PHP Regular expression preg match


In PHP applications, the regular expression is mainly used for:

  • Regular match: matches the content according to the regular expression
  • Regular Replace: Match and replace with the regular expression
  • Regular Split: Splits the string according to the regular expression

In PHP there are two types of regular expression functions, one is Perl compatible regular expression function, one is POSIX extended regular expression function. There is little difference between the two, and it is recommended to use Perl-compatible regular expression function, so the following are Perl-compatible regular expression function as an example.


delimiter

Perl-compatible regular expression function, the regular expression needs to be written in the delimiter. Any character that is not a letter, a number, or a backslash() can be used as a delimiter. Normally, we use /as a delimiter. The specific use of the following examples.


Tip

Although regular expression functions are very powerful, but if ordinary string processing functions can be done, try not to use regular expression function, because the regular expression efficiency will be much lower. For general string handling functions, see PHP string Handling.


preg_match()

the preg_match() function is used to perform a regular expression match and returns 1 if successful. Otherwise, 0 is returned.

grammar:

Int preg_match(string pattern, string subject[, array matches])
$matches[0] will contain the text that matches the entire pattern, $matches[1] will contain the text matched to the subpattern in the first captured parentheses, in order to match the text And so on.
Parameters Description
pattern regular expression
subject need to match the retrieved object
matches

Example 1:

if (preg_match("/php /i", "PHP is the web scripting language of choice.", $matches)) {
    Print "A match was found: "$matches[0];
} else {
    Print "A match was not found.";
}

Browser output:

A match was found: PHP

In this example, the i modifier is used, so it is case-insensitive to match php in the text.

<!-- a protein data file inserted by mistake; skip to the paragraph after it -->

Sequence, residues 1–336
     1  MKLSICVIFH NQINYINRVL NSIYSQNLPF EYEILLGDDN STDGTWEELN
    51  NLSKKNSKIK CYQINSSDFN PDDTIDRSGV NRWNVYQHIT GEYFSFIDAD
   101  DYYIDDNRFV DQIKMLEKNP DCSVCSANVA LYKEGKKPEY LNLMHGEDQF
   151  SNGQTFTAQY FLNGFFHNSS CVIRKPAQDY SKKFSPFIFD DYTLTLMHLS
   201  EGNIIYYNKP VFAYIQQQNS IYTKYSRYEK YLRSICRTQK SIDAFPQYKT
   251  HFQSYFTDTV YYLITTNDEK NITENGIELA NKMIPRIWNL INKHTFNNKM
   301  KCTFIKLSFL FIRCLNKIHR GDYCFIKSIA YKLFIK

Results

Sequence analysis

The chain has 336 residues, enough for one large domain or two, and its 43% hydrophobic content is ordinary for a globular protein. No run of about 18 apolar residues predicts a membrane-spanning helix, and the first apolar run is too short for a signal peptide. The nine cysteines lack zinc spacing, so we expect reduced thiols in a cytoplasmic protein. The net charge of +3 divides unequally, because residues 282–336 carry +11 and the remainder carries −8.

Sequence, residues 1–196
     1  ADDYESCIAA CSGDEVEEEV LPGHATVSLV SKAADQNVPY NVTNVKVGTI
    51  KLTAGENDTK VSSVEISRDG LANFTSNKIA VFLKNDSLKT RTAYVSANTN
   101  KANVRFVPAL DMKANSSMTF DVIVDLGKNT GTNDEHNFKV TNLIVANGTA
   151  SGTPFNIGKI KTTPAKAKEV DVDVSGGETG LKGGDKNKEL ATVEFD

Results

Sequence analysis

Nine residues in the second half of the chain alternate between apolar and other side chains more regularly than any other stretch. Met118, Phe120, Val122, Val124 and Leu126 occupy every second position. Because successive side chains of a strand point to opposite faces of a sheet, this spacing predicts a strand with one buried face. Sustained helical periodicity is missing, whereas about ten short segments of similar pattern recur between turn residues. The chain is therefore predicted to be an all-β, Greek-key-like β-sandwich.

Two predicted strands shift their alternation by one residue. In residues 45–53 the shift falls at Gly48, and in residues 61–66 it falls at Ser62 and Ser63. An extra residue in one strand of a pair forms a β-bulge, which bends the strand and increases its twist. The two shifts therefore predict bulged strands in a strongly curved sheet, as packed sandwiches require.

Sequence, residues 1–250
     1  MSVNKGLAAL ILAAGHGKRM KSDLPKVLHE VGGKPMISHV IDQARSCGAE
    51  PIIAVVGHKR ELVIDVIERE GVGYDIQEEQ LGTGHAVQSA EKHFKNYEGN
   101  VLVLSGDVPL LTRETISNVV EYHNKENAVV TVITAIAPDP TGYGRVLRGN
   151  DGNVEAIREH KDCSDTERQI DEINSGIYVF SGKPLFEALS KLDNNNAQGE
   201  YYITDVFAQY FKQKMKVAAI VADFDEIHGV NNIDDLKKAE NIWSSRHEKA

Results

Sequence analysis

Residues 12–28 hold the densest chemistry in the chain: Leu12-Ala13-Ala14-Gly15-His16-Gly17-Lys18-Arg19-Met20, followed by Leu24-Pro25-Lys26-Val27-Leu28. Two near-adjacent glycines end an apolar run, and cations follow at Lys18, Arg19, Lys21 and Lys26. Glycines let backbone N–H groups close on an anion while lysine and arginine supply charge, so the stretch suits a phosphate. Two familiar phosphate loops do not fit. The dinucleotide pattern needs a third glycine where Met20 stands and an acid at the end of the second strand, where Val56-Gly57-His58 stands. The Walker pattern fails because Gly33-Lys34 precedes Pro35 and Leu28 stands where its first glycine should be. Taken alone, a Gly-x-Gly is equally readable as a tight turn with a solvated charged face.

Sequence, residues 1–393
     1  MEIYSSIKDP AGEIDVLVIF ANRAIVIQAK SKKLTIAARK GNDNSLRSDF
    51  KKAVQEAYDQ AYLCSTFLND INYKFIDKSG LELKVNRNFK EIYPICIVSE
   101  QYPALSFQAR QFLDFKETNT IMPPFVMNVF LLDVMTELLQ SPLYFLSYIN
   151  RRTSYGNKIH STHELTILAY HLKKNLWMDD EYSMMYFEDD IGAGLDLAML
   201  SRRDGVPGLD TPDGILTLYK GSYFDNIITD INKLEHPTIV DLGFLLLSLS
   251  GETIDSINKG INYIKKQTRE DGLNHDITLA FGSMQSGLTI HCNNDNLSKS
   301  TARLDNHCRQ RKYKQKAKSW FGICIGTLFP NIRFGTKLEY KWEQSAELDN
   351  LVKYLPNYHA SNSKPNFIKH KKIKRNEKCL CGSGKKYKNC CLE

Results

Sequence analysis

Tip

preg_match() will stop matching after the first match, if you want to achieve all the results of the match, that is, the search to the end of subject, you need to use preg_match_all() function.

Example 2, from a URL to obtain the host domain name:

// Get the host name from the URL
preg_match("/^(http: \ /\ /)?([^ \ /] +) /i","http:// www.developertut.com/index.html", $matches);
$host = $matches[2];
// Obtain the last two paragraphs from the hostname
preg_match("/[^ \. \ /] + \.[^ \. \ /] + $/", $host, $matches);
echo "domain is: {$matches[0]}";

Browser output:

Domain name: developertut.com

preg_match_all()

the preg_match_all() function is used to perform a regular expression global match, the number of successful pattern matches(possibly zero), or FALSE if the error occurs.

grammar:

Int preg_match_all(string pattern, string subject, array matches[, int flags])
Parameters Description
pattern regular expression
subject need to match the retrieved object
matches store the array of matching results
flags

Optional, specify the order in which matches are placed in matches, with the following tags:

    PREG_PATTERN_ORDER: By default, the result is sorted so that $matches[0] is an array of all pattern matches, $matches[1] is an array of substrings matched by the first parentheses, /Li>
  1. PREG_SET_ORDER: Sorts the results so that $matches[0] is the array of the first set of matches, $matches[1] is the array of the second set of matches, and so on
  2. PREG_OFFSET_CAPTURE: If this flag is set, the resulting string offset will also be returned for each occurrences of the match

The following example shows that the keyword(php) within the <pre > </pre > tag in the text is colored red.

$str = "<pre > Learning php is a happy thing. </pre > <pre > All phper needs to work together! </pre >";
$kw = "php";
preg_match_all('/<pre >([\ s \ S] *?) <\ /pre > /', $str, $mat);
$i <count($mat[0]); $i ++) {
    $mat[0][$i] = $mat[1][$i];
    $mat[0][$i] = str_replace($kw, '<span style = "color: #ff0000 ">. $kw.' </span > ;, $mat[0][$i]);
    $str = str_replace($mat[1][$i], $mat[0][$i], $str);
}
echo $str;

Regular match British characters

Regular British characters are slightly different depending on the page encoding:

  • GBK /GB2312 encoding:[x80-xff] + or[xa1-xff] +
  • UTF-8 encoding:[x {4e00} -x {9fa5}] + /u

example:

$str = "Learning php is a happy thing.";
preg_match_all("/[x80-xff] + /", $str, $match);
// UTF-8 Use:
// preg_match_all("/[x {4e00} -x {9fa5}] + /u", $str, $match);
print_r($match);

Output:

Array
(
   [0] => Array
      (
           [0] => Learn
           [1] => is a happy thing.
        )
)



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